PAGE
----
They made doors, gum and jerry cans. Ontario’s ‘essential’ workers in manufacturing accounted for more workplace COVID deaths than any other sector — even health care workers, according to new data.
The Ontario Workplace Safety and Insurance Board reported that just under 5,000 Ontario workers died while in the workplace from COVID-19 as of Sunday, March 8. Of those, 619 were people working in essential roles, the OSIB said.
The rest had various sorts of non-essential jobs including:
20 people who died as a result of their employers not paying a basic wages requirement
11 who died from work in “essential” roles
28 who died from what the OSIB described as “non-essential” roles
15 were from other sectors
The work numbers could be an underestimation, however, which could be why the Ontario government has been reluctant to declare a public health emergency and to declare that more public health care workers are needed.
It is also not clear just why the deaths happened in the first place.
For example, it’s possible that some workers in essential roles were killed by COVID-19 while working, as well as by other illnesses like heart attacks and strokes.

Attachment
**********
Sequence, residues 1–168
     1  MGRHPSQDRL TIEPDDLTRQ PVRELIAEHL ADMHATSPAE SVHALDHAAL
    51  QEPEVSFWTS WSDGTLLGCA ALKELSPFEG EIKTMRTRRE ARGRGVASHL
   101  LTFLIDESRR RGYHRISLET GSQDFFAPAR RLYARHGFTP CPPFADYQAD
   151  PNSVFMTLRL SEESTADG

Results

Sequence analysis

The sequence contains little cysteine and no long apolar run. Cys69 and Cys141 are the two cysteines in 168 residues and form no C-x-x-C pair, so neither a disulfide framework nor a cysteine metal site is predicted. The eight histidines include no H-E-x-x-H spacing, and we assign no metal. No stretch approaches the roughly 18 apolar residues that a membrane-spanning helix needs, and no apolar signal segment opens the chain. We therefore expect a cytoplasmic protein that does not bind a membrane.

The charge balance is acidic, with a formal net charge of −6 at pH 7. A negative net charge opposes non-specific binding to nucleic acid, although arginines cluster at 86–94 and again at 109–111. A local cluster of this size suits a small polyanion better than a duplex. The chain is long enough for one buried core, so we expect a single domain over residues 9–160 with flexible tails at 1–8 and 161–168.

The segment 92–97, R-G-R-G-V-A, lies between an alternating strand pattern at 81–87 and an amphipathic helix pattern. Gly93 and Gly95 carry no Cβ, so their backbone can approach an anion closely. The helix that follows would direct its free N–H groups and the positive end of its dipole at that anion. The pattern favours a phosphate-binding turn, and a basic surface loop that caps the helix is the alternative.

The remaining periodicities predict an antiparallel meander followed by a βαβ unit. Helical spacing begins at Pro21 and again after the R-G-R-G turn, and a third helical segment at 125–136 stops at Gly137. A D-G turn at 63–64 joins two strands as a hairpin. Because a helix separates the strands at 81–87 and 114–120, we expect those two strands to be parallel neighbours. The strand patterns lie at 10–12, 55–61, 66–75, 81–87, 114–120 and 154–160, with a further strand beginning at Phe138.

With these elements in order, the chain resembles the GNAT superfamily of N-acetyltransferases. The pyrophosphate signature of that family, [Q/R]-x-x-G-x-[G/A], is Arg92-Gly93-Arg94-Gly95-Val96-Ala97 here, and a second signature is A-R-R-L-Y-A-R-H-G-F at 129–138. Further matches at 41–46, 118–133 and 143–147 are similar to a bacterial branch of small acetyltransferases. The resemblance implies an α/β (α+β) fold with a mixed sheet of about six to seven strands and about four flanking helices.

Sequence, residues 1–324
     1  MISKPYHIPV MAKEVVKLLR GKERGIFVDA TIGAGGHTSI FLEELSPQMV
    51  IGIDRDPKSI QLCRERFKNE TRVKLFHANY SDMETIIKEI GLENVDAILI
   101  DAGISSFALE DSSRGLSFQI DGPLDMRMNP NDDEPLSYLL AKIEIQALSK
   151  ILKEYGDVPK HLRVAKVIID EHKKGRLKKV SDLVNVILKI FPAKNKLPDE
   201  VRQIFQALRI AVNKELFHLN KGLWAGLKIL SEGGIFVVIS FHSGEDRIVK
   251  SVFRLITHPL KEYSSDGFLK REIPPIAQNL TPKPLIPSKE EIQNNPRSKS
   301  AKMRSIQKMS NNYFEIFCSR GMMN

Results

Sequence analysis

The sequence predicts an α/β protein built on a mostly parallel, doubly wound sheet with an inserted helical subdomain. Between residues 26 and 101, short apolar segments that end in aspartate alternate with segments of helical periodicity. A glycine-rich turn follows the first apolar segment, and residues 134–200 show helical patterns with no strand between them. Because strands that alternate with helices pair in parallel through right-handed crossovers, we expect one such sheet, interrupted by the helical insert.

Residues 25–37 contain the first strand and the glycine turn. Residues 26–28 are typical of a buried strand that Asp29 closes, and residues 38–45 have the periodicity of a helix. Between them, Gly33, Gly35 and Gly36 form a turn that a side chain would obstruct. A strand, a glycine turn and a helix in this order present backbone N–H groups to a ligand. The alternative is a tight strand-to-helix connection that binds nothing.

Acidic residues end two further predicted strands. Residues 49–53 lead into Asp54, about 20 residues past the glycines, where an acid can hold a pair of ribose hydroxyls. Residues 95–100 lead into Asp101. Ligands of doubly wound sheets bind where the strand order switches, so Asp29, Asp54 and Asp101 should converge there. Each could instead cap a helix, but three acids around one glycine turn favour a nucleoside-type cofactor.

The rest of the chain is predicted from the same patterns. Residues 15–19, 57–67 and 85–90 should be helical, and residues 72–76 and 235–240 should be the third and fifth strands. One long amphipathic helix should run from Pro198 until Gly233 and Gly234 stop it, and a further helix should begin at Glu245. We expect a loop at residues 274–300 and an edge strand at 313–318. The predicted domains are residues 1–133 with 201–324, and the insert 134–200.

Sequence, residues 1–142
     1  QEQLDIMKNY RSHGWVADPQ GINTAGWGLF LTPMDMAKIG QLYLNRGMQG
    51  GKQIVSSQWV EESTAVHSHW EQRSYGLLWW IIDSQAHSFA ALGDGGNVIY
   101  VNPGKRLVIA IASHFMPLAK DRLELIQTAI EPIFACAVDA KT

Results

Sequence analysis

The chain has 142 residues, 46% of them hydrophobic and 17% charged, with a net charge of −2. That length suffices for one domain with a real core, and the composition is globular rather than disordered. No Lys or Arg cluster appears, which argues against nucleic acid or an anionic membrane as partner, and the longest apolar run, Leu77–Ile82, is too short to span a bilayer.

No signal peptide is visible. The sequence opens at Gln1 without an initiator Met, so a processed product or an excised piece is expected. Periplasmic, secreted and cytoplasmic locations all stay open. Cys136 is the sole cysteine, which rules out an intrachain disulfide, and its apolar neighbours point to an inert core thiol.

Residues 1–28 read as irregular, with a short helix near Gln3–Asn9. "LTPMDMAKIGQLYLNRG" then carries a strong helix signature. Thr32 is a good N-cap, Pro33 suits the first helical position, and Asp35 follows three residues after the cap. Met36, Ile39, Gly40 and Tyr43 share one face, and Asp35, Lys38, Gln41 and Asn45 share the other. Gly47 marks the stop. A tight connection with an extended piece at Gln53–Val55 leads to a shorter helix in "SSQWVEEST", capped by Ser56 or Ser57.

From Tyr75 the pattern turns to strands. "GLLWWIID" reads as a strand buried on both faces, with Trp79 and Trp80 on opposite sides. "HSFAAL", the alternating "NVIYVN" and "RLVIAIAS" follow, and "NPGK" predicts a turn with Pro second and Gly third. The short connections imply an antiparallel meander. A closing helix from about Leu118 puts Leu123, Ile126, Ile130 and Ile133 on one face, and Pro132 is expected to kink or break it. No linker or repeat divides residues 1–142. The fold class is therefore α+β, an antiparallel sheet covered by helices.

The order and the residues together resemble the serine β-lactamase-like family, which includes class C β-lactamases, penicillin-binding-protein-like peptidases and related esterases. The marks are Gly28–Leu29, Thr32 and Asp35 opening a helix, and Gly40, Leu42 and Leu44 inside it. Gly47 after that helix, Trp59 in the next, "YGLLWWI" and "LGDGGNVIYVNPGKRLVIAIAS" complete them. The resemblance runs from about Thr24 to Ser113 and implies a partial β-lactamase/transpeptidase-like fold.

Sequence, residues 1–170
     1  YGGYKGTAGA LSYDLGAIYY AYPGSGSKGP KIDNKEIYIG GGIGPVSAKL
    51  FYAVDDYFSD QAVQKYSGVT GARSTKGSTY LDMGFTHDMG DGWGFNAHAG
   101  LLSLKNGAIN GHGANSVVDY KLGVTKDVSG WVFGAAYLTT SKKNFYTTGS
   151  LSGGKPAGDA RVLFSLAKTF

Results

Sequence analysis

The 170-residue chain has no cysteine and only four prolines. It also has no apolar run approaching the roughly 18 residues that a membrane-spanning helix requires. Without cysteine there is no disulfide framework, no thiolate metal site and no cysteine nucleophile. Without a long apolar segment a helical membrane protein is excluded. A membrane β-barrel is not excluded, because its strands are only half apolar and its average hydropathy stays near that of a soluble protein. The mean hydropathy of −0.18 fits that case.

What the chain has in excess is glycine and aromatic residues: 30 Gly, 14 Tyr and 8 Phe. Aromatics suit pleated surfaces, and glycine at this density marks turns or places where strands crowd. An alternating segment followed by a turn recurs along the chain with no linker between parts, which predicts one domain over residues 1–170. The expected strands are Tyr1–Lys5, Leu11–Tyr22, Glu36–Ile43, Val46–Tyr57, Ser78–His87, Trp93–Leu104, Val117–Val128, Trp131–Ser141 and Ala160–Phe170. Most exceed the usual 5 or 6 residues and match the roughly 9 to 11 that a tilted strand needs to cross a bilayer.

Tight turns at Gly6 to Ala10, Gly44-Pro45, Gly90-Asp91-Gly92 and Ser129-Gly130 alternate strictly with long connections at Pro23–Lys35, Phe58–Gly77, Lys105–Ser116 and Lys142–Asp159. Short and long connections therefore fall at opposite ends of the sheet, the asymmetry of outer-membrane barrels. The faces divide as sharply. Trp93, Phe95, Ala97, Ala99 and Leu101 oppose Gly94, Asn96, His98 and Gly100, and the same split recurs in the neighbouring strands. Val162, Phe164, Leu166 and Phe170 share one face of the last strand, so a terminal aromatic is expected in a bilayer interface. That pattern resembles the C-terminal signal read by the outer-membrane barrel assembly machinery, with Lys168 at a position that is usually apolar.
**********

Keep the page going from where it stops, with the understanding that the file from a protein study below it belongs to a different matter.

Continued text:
To be more precise, it’s very possible that many Ontario workers died because they were forced to do something that caused them to contract fatal illness. A pandemic is a very stressful time even if the job is not particularly dangerous.
This will be an ongoing issue when Ontario releases figures for the number of people who have tested positive for COVID-19 and the total number of positive tests.
We will have a better idea of what happened in our workplaces over the past week or so once the OSIB releases those figures and the Ontario government release data on how many Ontarians are working in essential jobs.
A public health emergency